T.M.I. (South Park)

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"T.M.I."
South Park episode
Episode no. Season 15
Episode 4
Directed by Trey Parker
Written by Trey Parker
Production code 1504
Original air date May 18, 2011 (2011-05-18)
Episode chronology
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South Park (season 15)
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"T.M.I." is the fourth episode of the fifteenth season of the American animated television series South Park, and the 213th episode of the series overall. "T.M.I." premiered in the United States on Comedy Central on May 18, 2011.[1] The episode centers on Eric Cartman being sent to an anger management class after he protests what he falsely believes to be the school's publicizing the male students' penis sizes. "T.M.I." was written and directed by series co-creator Trey Parker, and was rated TV-MA L in the United States.

Plot[edit]

At South Park Elementary, Cartman rants at length over the publicly posted results of the students' annual school physicals, which document how much each student has grown in height, mistakenly understanding them to be a list of all the boys' penis sizes. Believing the results to be inaccurate because he is at the bottom of the list, he measures all of his male schoolmates' penises and posts his own findings in the hall. He is then called to Principal Victoria's office, who explains what the first list actually documented. To make matters worse, Cartman has found that his penis really is the smallest of all the boys in the school. At a consultation session with a psychiatrist, Cartman is tested to see how he deals with anger. While initially showing no emotion during the session when the psychiatrist tries to incite him into anger with insults about his obesity, Cartman silently uses an iPhone to publicly post falsified chat logs and a fake police report implicating the psychiatrist in an affair with a 14-year-old girl on the Internet. The psychiatrist's wife is notified, calling her husband before committing suicide over the phone. Cartman then menacingly replies to the psychiatrist, "I'm not fat; I'm big-boned."

Soon after, Cartman is sent to an anger management class, which he shares with a number of other people, such as Tuong Lu Kim, the Tall Goth, and a member of the Tea Party. It soon becomes apparent that every person in the class has issues with their penis size (even the masculine female of the group). Meanwhile, Randy Marsh gives a talk to the fourth grade class about human sexual behavior and presents a ridiculously complicated formula for calculating "adjusted penis size", or "T.M.I." Soon afterward, the Surgeon General of the United States presents her own talk to correct Randy's inaccurate information, giving her own bizarre formula that prompts Randy to beat her up in front of the class. This results in his attending Cartman's anger management class, where the two of them incite the group to riot against the federal government.

They take over a Federal Express shipping center, mistakenly believing it to be a government office, Randy names their group the "Pissed Off and Angry Party" and presents their demands to a national television audience: the resignation of the Surgeon General, Obama's birth certificate, "moms to stop trippin'", and to "fuck Kyle". The movement spreads around the country, with other FedEx locations being taken over. Even Butters joins in when he realizes that his T.M.I. is not as high as he thought, according to the Surgeon General's T.M.I. formula. In response, Cartman's psychiatrist develops a theory that the true source of everyone's anger is their embarrassment over their very small penis size. After he informs the Surgeon General, she addresses the nation on TV. She says that although her formula for calculating T.M.I. is accurate, the national "average" value has been re-defined downward to 1.5 inches (3.8 cm). The violent movement instantly breaks up, since every man involved now falls into the "above average" range—except for Cartman, whose penis remains under the new average. Cartman's frustrated remarks are dismissed by the Pissed Off and Angry Party's former members as they proclaim that "America is back!"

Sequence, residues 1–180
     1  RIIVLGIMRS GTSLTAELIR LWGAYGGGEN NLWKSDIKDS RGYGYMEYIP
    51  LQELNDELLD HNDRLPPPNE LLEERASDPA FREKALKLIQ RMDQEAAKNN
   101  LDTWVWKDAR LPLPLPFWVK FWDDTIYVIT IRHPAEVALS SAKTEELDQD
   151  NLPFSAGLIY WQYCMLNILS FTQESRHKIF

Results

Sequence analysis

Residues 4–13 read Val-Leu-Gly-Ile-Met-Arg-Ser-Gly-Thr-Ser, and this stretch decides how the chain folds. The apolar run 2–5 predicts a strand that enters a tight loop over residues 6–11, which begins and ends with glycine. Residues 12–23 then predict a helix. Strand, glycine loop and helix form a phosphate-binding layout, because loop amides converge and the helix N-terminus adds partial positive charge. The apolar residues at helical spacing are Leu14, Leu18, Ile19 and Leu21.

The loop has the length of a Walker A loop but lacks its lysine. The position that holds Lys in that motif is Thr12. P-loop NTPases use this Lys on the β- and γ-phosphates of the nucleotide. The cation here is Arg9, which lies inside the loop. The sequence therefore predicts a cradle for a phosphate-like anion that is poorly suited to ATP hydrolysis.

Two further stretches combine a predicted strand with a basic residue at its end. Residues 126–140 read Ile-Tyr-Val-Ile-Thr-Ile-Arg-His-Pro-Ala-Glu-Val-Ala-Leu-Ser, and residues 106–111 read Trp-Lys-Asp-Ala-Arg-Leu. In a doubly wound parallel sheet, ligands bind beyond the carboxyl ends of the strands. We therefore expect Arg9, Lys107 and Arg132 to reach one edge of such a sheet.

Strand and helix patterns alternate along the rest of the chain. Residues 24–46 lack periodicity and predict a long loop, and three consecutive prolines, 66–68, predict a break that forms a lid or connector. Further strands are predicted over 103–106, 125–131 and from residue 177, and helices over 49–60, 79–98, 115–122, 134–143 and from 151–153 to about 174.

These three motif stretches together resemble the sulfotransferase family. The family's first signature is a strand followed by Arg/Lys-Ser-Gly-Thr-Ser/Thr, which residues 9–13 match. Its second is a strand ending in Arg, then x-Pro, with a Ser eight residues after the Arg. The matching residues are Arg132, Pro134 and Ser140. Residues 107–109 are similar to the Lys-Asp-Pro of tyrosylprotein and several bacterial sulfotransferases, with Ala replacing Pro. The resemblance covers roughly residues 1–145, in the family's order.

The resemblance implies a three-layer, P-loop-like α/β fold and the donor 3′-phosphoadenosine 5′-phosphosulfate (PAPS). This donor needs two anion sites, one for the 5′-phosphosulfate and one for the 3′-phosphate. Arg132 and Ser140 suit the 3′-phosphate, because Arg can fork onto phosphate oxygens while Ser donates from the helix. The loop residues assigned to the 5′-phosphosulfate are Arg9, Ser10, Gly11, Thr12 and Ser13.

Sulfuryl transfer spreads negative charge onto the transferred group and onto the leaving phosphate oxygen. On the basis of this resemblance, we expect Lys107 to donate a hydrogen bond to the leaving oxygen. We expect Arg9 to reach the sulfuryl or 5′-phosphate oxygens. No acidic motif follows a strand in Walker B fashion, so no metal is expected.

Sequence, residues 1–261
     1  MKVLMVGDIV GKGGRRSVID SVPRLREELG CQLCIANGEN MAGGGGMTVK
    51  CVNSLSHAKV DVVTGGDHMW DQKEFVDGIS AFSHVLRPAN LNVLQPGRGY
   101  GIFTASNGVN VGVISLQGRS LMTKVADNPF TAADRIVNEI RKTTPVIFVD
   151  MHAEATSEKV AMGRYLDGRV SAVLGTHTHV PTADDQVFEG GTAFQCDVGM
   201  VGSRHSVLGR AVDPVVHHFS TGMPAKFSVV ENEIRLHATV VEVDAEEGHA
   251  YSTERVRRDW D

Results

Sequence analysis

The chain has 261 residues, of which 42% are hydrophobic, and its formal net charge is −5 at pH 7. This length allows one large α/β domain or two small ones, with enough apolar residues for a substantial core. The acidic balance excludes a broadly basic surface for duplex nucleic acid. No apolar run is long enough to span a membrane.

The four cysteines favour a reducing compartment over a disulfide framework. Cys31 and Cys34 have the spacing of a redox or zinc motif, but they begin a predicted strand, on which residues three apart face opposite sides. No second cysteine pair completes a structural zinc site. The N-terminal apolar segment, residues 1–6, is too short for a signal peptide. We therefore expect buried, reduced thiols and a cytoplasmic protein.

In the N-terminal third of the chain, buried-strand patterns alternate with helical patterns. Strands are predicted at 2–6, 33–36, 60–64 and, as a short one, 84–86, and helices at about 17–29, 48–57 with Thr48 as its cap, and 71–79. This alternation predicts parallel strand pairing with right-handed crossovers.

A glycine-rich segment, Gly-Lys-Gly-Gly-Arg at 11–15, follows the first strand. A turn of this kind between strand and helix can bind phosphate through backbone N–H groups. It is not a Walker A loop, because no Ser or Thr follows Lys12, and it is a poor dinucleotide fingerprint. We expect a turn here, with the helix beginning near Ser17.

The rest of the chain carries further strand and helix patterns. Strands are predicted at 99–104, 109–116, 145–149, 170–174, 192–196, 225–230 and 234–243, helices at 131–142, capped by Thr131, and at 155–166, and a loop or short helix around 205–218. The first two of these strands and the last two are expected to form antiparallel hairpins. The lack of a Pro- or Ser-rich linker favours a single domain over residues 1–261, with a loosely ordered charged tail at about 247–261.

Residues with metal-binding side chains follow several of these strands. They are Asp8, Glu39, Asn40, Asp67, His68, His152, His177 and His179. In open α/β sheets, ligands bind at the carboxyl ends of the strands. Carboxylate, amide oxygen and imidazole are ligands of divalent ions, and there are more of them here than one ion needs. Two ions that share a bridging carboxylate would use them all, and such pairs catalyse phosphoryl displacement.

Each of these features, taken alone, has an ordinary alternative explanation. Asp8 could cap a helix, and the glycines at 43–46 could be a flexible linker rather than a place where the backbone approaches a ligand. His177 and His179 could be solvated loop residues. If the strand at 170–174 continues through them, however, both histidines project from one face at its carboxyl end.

Reception[edit]

In its original American broadcast on May 18, 2011, "T.M.I." was seen by 2.415 million viewers, according to Nielsen Media Research.[2]

The A.V. Club, IGN, and Assignment X all gave "T.M.I." generally positive reviews. Sean O'Neal of The A.V. Club rated the episode A− and praised it as a character-based episode "that managed to turn the minute, ridiculous happenings in a small Colorado town into a microcosm of what's going on in the country."[3] Ramsey Iser of IGN called "T.M.I." "a solid episode with plenty to like" but not "top of the line South Park material", giving a rating of 8 out of 10.[4] Carl Cortez of Assignment X wrote that "T.M.I." was "not perfect, but good", and compared it favorably with the two preceding episodes. He praised it for its simplicity and "the inspired lunacy that makes South Park so great".[5]

References[edit]

  1. ^ "T.M.I.", South Park Studios, accessed June 9, 2011.
  2. ^ Seidman, Robert (May 19, 2011). "Wednesday Cable Ratings: NBA Playoffs Lead Night + 'South Park,' 'Real World,' 'Mythbusters,' 'Top Chef' & Much More". TV by the Numbers. Retrieved 20 May 2011. 
  3. ^ Sean O'Neal (May 18, 2011). "T.M.I.". The A.V. Club. Retrieved May 20, 2011. 
  4. ^ Isler, Ramsey (May 19, 2011). "South Park: "T.M.I" Review". IGN. Retrieved May 20, 2011. 
  5. ^ Cortez, Carl (May 19, 2011). "TV Review: SOUTH PARK – Season 15 – "T.M.I."". Assignment X. Retrieved May 20, 2011. 

External links[edit]